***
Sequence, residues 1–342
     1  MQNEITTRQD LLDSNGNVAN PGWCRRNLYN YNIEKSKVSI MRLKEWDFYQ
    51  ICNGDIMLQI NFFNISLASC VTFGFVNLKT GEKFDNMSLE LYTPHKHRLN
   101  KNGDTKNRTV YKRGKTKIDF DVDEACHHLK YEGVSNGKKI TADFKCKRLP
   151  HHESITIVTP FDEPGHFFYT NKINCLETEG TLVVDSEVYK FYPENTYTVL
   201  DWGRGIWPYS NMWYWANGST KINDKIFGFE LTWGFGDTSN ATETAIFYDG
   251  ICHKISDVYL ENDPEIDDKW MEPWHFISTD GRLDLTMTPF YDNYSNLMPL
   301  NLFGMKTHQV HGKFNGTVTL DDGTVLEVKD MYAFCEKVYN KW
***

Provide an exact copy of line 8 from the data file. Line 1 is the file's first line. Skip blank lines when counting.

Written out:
   301  NLFGMKTHQV HGKFNGTVTL DDGTVLEVKD MYAFCEKVYN KW